Prior to the invasion, the Army’s Special Services Division, which was responsible for serving the morale needs of soldiers, distributed some of the soldiers’ favorite items. Packs of cigarettes were shoved into pockets, candy bars were grabbed by the handful, but of all things, the most sought-after item was the ASEs. As one Special Services officer recalled, palpable tension mounted in the staging areas, and books were the only thing available that “provided sorely needed distraction to a great many men.” When the loading process finally began, many men, realizing how much weight they were carrying, stopped to unburden themselves of unnecessary items near the docking area. The ground was littered with a variety of objects, but among the heaps of discarded inessentials “very few Armed Services Editions were found by the clean-up squads that later went through the areas.” Weighing as little as a couple of ounces each, ASEs were the lightest weapon that the men could bring along.
The Americans who landed at Utah and Omaha Beaches on June 6 had vastly different experiences. The American Fourth Division poured ashore at Utah Beach, meeting very little opposition. In fact, some men were a little let down at how anticlimactic the landing was; they described it as seeming like just another practice invasion. The early waves of troops landing at Omaha Beach, by contrast, faced near-certain death. As soon as the transports lowered their ramps, the exiting men were thrust into the line of fire. German machine-gun spray ripped across the boats, instantly killing the hapless Americans on them. For the first wave of LCIs that reached Omaha Beach, the death rate was nearly 100 percent; no one got off the beach. Later waves of troops faced grievous losses on the shore. Shell-shocked, many men simply froze, unable to move toward safety. Others who forded through the barrage of gunfire and mortar blasts and moved to the shelter of the cliffs at the top of the beach suffered injuries along the way. Unable to go farther, their shattered bodies dropped to the sand and stayed there until medics arrived. Many men who climbed the beach later that day would never forget the sight of gravely wounded soldiers propped up against the base of the cliffs, reading.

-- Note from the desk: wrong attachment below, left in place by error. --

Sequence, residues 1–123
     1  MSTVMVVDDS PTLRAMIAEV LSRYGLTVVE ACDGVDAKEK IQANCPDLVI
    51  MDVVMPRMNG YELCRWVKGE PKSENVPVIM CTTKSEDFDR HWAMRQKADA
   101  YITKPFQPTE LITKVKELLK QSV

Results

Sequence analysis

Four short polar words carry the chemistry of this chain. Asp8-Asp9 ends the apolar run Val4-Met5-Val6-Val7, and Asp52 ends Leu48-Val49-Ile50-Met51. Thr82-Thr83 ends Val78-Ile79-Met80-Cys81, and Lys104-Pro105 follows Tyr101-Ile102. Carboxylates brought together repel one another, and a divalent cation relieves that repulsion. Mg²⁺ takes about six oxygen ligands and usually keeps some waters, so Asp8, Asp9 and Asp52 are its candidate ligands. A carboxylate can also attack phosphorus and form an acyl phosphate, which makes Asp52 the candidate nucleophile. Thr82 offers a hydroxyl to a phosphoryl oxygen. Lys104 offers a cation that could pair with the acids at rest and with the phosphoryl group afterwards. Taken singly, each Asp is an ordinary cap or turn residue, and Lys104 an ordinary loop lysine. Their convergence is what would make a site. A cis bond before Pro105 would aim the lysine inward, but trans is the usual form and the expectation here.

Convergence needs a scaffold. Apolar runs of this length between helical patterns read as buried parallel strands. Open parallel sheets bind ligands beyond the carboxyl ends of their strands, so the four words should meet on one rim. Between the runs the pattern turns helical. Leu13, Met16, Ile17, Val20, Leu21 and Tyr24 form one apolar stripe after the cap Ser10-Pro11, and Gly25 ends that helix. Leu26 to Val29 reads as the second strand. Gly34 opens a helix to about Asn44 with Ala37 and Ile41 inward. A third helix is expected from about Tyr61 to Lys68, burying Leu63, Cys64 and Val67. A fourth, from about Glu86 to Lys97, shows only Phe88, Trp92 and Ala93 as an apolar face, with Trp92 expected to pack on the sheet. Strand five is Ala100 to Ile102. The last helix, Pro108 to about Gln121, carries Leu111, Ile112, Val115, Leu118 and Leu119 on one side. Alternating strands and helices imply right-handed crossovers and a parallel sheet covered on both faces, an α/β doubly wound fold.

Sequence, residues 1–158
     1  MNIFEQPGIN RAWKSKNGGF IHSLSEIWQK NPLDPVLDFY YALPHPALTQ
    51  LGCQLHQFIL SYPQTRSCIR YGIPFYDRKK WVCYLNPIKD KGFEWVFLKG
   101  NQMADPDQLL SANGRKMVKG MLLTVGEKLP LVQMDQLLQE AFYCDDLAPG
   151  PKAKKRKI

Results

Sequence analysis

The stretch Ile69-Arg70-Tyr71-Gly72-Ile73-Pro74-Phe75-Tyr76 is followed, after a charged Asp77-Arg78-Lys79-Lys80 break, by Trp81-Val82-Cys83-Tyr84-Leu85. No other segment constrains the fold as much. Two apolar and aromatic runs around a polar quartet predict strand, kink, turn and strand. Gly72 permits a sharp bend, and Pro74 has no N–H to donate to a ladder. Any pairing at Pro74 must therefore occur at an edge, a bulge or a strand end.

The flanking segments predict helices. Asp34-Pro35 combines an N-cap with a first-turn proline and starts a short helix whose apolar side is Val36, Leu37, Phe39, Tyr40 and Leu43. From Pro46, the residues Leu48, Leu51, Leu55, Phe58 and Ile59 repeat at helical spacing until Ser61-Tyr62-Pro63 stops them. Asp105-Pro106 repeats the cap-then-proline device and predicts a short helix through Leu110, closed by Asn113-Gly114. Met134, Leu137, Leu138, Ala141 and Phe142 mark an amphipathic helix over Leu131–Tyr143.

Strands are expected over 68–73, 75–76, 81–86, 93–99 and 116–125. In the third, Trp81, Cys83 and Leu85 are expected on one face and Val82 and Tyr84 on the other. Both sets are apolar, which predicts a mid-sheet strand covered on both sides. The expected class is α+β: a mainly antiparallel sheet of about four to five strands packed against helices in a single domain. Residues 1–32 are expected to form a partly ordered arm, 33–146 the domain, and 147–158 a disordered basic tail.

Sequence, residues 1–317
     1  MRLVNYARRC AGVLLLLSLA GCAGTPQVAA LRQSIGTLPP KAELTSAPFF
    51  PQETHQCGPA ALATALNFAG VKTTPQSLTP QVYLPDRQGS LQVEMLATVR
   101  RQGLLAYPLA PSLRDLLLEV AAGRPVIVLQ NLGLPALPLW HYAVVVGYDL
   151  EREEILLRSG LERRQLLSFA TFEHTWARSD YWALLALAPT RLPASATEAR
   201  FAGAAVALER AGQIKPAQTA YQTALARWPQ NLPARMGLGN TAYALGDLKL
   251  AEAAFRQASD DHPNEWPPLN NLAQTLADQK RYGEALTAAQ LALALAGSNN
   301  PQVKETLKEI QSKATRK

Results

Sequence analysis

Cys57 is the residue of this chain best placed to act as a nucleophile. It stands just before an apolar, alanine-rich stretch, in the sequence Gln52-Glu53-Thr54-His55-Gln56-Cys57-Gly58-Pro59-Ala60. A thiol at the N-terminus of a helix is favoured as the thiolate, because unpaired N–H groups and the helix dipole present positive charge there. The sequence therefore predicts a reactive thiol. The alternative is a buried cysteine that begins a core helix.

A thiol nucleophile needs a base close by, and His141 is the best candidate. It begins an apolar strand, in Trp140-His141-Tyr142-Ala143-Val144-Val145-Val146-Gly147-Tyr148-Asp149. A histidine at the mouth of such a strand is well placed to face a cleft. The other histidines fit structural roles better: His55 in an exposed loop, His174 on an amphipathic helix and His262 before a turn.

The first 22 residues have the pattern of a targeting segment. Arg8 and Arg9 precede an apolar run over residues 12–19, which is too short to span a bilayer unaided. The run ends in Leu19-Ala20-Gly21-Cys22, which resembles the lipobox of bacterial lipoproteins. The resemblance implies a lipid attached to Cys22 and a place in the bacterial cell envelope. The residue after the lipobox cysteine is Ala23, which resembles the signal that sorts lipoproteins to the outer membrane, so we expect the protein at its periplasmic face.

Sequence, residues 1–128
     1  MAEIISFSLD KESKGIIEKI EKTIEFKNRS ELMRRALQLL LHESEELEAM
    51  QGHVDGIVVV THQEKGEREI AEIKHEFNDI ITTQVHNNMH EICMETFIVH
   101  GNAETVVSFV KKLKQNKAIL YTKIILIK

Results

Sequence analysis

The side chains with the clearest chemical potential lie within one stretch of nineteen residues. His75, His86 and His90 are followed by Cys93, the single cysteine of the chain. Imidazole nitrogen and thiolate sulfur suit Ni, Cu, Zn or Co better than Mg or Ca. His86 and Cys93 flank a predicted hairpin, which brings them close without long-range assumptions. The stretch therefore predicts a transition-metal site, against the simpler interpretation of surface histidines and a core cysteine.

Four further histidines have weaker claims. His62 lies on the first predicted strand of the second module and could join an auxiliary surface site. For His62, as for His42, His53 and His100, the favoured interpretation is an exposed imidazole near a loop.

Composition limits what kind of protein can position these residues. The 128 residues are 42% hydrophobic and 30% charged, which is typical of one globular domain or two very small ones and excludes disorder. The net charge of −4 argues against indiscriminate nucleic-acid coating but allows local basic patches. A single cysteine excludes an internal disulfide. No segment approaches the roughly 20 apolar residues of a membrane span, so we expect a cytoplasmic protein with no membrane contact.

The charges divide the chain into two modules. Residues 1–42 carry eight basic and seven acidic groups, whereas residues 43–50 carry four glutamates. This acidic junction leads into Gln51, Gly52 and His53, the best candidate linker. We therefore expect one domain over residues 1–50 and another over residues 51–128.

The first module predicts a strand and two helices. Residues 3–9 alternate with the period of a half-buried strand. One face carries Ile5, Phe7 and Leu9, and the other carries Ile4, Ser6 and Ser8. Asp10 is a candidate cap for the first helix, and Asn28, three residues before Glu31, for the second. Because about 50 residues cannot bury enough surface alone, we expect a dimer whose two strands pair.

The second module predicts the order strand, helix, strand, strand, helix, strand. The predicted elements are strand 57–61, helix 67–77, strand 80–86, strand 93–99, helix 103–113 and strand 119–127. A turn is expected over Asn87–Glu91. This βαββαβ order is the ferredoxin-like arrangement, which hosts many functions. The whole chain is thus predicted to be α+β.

Excerpted from When Books Went to War: The Stories That Helped Us Win World War II by Molly Guptill Manning. Copyright © 2014 by Molly Guptill Manning. Used by permission of Houghton Mifflin Harcourt Publishing Company. All rights reserved.